Obtaining Buy-In for Your Third-Party Risk Management Program

Third-party risk management breaches have been snowballing in recent months with no clear end in sight. However, too many healthcare organizations have maintained a status quo approach to their Third-Party Risk Management (TPRM) and Vendor Risk Management (VRM) programs.

As the saying goes, “insanity is doing the same thing over and over and expecting different results”. It’s time for healthcare entities to make major investments in the people, process, and technology required to meaningfully reduce risks introduced by third-party vendors. Those investments often require the buy-in of multiple stakeholder groups within the organization in order to release the funding and political will power necessary to effectively address third-party risk management.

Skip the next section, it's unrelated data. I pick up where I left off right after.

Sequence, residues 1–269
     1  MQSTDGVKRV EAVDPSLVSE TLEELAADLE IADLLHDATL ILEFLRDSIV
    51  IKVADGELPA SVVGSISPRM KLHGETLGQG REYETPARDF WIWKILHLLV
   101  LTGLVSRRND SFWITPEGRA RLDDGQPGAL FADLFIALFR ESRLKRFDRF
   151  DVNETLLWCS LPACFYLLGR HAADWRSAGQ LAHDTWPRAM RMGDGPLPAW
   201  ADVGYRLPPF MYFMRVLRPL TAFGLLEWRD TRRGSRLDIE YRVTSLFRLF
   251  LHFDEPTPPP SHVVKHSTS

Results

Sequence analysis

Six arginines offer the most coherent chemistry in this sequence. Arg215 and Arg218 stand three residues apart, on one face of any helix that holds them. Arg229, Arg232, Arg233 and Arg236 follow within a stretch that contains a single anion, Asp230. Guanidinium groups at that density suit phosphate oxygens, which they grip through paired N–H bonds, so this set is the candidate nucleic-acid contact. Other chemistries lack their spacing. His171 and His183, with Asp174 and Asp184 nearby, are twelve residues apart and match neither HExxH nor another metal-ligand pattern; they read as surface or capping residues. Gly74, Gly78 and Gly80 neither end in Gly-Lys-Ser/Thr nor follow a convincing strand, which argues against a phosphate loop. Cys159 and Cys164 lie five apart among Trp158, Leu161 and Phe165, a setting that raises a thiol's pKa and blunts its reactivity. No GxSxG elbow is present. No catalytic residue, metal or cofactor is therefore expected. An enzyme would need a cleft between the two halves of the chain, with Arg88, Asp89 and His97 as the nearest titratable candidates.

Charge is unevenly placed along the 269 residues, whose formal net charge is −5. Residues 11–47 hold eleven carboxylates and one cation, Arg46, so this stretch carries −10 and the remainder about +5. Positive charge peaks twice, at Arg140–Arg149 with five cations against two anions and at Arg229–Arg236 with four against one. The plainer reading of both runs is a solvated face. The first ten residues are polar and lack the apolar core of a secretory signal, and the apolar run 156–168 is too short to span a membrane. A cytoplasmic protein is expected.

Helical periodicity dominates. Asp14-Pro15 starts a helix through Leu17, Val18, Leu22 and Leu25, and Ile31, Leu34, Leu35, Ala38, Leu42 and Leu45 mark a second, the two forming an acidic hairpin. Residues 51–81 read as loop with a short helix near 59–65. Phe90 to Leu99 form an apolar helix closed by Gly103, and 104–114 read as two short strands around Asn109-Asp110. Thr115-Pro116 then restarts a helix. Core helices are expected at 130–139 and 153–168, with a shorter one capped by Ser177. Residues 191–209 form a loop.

This blog provides recommendations for delivering messaging to key stakeholder groups within healthcare entities to make the business case for further investments in third-party risk programs.

Boards & Steering Committees

The good news is that most healthcare boards in 2022 have some degree of awareness of third-party risks as a result of the litany of stories peppering the news for supply chain breaches. However, awareness does not always translate into funding and prioritization.

Here are some key messages to help convey the urgency and necessity of investing in third-party risk programs:

  • Provide a summary of recent third-party vendor breaches including those that have impacted organizations similar to your own or that have been “near misses” for your own organizations. Examples in 2021-2022 may include Microsoft Exchange and Office 365, Kaseya, SolarWinds, Kronos, Accellion, Log4j, etc. CORL publishes a recurring blog series which highlights the most-recent healthcare third-party risk breaches that can serve as a useful input to these discussions. Here are some recent examples that can be leveraged for your discussions: